Christmas tradition still strong in Poland but religious sentiment in decline
PR dla Zagranicy
One-in-nine Poles eat a traditional meatless menu in the evening of 24 December, though a growing number say the religious aspect of Christmas has little meaning for them.
photo - PAP/Michał Walczak
According to the CBOS Institute, 98 percent of Poles celebrate Christmas and observe the various Christmas Eve traditions, with the meatless menu in 89 per cent of the households and the singing of carols in 78 per cent of homes.
Sixty six percent declare that they say prayers or read an excerpt from the Bible before starting the main Christmas meal and 70 percent attend Midnight Mass.
Christmas Eve is a very special day for Poles when families unite for the most carefully planned meal of the year, known as Wigilia, the Christmas Eve supper: a meatless meal consisting of herring, carp, beetroot or mushroom soup, noodles with poppy seed and other traditional dishes.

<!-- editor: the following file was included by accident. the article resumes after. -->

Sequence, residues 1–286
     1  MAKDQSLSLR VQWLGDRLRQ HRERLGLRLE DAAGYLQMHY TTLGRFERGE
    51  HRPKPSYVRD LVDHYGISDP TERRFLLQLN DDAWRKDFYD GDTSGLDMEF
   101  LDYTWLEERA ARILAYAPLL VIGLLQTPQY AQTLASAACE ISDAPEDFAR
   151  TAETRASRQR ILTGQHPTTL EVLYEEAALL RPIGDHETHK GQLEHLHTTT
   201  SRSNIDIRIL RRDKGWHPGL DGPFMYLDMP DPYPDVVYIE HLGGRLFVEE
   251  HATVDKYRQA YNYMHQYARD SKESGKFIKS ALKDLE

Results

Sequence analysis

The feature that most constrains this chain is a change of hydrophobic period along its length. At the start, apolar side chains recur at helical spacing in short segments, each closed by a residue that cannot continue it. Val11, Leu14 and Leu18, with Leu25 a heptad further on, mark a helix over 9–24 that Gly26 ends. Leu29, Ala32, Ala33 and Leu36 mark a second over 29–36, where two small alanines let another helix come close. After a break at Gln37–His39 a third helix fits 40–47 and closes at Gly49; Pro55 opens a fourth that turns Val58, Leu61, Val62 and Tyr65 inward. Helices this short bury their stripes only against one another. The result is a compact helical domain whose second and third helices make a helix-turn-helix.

The feast is followed by the exchange of gifts and, in many homes, the singing of carols.
The many traditions associated with Christmas Eve include the breaking of the ‘opłatek’, an unconsecrated bread wafer, and setting an extra place at the table for an unexpected visitor.
The past two decades have seen a significant increase in the number of people for whom Christmas has little or no religious meaning, however.
Rafał Lange from the Department of Sociology at the Stefan Cardinal Wyszynski University in Warsaw says that 20 percent of cent of respondents claim that the religious aspect of Christmas has little significance for them.
In 1991 only ten percent of Poles expressed such a view.
Christmas Eve is not a day free of work in Poland but most of the shops, post offices and institutions work shorter hours.
Eighty six percent of Poles have prepared Christmas presents for loved ones.
A typical Polish household spent 1126 zloty (270 euros) on this year's festivities, five percent more than last year.
According to loan company Kredito24, one in twenty Polish adults went into debt to cover the Christmas costs. (mk/pg)